Over the Hill

Higher prices make case for oil and gas regulation

Special to The TribuneOctober 12, 2012 

Phil Dirkx

Every time I drove past service stations last week, their signs proclaimed higher prices. The prices increased almost 50 cents in a week.

Then on Sunday, Gov. Jerry Brown authorized oil companies to start selling winter-blend gasoline early. The more expensive summerblend gas causes less smog in hot weather. Winter-blend gas should cost less but gas prices may not fall as quickly as hoped because California oil refineries are still having problems.

A key part of Chevron’s refinery in Richmond won’t restart until January. It was damaged by the Aug. 6 fire, which probably also kindled the gas-price increases.

Other gas-supply disruptions included a Chevron pipeline malfunction, a power failure at the Exxon Mobil refinery in Torrance and the continuation this month of work on that refinery.

The fire, price-spike and maintenance problems could indicate carelessness , mismanagement or greed. Whatever they signify, we can’t afford it. So what can we do? Should we break up the oil giants? Should we just rely on competition to improve them? Should we strictly regulate them?

Breaking up didn’t work in 1911 when the U.S. Supreme Court broke John D. Rockefeller’s Standard Oil Co. into 34 smaller pieces. Many pieces didn’t stay small. They grew. Some rejoined other pieces. Some merged with outside companies. Standard Oil of California became Chevron, then ChevronTexaco and now Chevron again.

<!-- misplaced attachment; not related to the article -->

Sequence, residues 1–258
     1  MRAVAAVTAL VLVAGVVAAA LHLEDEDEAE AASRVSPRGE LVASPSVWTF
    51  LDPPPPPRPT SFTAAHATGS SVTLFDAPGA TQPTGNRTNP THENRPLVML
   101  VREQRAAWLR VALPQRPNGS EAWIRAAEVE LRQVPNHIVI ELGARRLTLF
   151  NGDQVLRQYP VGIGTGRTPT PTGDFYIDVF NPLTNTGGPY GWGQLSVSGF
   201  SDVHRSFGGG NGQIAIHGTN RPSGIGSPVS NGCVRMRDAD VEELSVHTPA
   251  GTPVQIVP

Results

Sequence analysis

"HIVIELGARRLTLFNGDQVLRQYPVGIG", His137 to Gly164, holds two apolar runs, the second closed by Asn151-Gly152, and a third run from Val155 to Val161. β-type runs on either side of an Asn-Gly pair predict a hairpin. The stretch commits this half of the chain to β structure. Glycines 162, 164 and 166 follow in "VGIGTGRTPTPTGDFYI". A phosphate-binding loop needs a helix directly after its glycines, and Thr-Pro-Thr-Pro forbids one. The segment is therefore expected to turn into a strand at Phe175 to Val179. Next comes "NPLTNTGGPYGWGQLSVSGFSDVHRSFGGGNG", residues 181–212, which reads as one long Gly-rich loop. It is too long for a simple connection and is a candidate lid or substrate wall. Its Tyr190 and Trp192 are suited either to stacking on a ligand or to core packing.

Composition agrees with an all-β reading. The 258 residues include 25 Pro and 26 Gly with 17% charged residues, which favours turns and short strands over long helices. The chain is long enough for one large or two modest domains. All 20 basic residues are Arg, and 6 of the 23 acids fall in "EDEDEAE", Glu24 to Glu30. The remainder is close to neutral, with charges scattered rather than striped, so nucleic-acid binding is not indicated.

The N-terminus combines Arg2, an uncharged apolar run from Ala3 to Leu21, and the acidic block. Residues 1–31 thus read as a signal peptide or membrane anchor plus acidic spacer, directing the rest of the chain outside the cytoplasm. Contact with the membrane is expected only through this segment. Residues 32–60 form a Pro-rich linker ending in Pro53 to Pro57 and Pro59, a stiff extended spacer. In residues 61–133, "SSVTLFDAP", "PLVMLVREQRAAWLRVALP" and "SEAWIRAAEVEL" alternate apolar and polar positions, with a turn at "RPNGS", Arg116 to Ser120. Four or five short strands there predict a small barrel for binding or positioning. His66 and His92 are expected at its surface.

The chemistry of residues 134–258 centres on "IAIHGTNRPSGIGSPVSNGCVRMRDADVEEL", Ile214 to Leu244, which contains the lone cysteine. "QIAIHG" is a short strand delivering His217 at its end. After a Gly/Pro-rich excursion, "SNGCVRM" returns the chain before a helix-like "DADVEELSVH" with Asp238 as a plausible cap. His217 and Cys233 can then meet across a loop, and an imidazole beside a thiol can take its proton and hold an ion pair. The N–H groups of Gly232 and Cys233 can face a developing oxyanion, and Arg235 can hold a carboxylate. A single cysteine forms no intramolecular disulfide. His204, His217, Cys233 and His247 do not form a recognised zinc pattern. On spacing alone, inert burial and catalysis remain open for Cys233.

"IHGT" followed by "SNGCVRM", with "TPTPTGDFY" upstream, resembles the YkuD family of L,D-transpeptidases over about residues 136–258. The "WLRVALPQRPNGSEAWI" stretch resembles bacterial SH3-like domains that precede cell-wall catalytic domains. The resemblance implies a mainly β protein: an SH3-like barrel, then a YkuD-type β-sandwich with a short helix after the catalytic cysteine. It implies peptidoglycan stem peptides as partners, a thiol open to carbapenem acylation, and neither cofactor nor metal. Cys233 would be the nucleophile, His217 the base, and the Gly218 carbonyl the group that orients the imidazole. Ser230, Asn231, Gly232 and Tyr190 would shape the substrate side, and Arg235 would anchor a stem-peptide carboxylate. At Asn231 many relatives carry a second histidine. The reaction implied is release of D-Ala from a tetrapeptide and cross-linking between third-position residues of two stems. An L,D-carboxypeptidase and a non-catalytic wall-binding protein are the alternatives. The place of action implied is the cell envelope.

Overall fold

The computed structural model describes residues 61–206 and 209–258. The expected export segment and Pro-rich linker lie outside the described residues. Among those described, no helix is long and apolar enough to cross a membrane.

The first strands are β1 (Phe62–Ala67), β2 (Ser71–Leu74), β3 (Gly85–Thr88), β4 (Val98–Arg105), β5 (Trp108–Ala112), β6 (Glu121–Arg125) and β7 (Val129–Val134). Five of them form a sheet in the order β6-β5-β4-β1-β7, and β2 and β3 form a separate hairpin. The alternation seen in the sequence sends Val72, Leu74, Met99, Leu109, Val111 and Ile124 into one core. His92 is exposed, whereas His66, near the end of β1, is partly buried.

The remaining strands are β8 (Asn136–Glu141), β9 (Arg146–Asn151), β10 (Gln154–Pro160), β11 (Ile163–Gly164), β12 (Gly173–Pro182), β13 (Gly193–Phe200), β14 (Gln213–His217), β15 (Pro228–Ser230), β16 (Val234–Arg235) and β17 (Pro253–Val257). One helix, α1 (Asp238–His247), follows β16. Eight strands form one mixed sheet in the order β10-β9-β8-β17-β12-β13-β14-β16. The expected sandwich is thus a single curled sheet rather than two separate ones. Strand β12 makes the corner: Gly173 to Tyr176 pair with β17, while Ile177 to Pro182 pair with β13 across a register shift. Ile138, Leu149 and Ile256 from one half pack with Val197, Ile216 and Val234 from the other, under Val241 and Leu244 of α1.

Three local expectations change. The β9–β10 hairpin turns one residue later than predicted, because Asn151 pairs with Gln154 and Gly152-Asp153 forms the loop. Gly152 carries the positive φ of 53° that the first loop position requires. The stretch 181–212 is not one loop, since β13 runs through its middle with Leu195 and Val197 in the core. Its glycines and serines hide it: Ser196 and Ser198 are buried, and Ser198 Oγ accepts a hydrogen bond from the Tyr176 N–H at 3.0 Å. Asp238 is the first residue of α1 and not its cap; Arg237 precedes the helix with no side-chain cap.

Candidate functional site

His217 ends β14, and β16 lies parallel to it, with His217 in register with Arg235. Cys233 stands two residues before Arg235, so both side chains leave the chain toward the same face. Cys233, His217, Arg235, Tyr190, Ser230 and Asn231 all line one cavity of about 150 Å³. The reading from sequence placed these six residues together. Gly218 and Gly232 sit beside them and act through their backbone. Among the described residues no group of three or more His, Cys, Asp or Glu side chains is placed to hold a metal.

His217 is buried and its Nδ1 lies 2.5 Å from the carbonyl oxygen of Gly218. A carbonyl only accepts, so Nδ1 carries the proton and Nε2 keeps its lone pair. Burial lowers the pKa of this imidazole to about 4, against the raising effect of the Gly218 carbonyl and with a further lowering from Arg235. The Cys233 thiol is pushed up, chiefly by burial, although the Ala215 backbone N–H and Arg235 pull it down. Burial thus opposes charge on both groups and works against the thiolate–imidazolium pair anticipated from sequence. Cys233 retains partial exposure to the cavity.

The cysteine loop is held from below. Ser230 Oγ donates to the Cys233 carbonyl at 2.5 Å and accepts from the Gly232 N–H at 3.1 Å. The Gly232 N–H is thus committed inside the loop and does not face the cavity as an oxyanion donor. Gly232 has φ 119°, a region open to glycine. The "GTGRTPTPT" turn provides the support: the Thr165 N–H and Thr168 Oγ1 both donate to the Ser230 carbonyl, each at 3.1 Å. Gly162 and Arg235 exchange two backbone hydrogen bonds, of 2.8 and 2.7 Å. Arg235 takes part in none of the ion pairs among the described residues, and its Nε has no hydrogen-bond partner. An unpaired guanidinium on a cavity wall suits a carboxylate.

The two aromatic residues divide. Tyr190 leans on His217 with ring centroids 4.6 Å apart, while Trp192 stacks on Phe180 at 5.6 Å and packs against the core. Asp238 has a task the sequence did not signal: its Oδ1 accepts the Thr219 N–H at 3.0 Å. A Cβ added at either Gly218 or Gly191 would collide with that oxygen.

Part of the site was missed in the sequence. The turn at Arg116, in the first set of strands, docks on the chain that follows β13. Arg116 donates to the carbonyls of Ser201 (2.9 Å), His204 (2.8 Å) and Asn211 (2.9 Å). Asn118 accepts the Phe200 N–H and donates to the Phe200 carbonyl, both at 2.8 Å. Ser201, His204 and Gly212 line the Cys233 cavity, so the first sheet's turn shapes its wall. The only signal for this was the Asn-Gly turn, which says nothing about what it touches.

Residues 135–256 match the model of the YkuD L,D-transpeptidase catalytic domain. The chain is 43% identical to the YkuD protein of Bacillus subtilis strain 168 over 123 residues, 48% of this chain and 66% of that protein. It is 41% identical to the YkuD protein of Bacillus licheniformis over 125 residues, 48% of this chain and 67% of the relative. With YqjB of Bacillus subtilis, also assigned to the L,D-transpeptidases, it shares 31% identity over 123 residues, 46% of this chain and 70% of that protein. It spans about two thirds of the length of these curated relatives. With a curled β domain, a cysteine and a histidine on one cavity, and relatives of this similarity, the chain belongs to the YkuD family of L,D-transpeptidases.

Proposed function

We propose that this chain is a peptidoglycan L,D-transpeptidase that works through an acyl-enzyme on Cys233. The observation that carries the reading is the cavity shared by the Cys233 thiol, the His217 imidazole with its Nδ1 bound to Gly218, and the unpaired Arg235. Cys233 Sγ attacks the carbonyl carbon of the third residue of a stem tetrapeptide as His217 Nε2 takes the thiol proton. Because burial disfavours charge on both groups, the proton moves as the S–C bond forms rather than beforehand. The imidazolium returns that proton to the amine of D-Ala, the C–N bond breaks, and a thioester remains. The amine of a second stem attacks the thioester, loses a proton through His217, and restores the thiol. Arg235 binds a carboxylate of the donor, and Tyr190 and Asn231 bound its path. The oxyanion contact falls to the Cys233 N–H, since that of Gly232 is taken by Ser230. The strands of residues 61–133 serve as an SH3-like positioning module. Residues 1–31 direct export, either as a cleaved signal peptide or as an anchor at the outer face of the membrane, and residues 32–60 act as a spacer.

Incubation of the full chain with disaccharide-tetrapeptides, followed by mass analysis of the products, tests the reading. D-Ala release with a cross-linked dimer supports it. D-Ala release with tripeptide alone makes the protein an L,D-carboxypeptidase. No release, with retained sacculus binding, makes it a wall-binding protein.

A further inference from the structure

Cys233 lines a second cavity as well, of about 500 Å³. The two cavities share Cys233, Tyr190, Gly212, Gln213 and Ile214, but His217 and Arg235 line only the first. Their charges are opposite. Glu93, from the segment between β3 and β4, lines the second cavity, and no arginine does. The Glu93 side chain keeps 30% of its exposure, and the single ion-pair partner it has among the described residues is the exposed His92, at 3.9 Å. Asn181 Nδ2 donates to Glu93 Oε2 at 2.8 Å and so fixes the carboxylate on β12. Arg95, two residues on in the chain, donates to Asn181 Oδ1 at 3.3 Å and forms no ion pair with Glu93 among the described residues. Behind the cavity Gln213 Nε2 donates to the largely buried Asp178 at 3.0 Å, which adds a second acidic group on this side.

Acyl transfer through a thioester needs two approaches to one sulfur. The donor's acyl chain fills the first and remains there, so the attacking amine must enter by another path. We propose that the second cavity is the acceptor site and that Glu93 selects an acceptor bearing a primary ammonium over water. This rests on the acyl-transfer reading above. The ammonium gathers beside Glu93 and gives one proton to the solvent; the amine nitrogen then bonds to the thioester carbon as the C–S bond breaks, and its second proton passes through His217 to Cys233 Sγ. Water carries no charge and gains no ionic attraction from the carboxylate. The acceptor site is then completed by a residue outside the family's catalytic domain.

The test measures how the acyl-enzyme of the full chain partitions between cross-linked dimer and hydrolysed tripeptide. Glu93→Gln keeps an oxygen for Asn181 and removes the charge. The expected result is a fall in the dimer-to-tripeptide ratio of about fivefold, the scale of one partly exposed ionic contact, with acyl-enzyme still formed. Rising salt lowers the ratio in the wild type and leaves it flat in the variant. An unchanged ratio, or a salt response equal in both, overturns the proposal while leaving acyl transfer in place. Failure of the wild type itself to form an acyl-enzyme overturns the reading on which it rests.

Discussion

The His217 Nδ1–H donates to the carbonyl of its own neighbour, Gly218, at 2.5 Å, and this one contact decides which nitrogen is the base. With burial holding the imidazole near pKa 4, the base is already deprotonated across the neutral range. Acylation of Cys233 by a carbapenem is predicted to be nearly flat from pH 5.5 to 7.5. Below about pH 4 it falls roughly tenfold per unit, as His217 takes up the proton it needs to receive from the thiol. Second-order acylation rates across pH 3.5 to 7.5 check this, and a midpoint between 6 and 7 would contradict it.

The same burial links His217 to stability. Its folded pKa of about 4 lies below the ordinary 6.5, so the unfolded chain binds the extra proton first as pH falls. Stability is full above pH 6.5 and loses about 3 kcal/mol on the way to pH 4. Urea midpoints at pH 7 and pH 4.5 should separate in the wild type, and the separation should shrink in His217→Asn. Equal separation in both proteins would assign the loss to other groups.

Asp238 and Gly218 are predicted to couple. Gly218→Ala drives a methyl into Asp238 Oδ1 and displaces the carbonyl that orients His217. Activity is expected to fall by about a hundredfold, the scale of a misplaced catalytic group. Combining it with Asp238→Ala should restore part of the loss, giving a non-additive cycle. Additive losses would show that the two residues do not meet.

OK, what about competition? Will competition automatically force big corporations to do right? Corporations often praise competition but I think they actually hate it.

Just watch how corporations act. They do their best to destroy their competitors. And if they can’t destroy them they merge with them. The last thing they want is actual competition. If Chevron and Texaco thought competition was so good, why did they merge? No, competition is not an automatic cure-all for unfair, unethical business practices.

Nor are regulations a cure-all. But maybe we could do some good if we regulated gas and oil businesses as public utilities just as we try to regulate the natural gas, electricity and telephone businesses.

But it won’t be enough to choose a gasoline-andoil commission to regulate them, and then sit back and forget them. If we do that, the commissioners will, after a few years, get cozy with the corporation lobbyists.

We must remain noisy and committed, at least part-time.

I’m surprised some of us aren’t already out there picketing gas stations and corporate headquarters buildings.

Phil Dirkx's column is special to The Tribune. He has lived in Paso Robles for more than four decades, and his column appears here every week. Reach Dirkx at 238-2372 or phild2008@sbcglobal.net.

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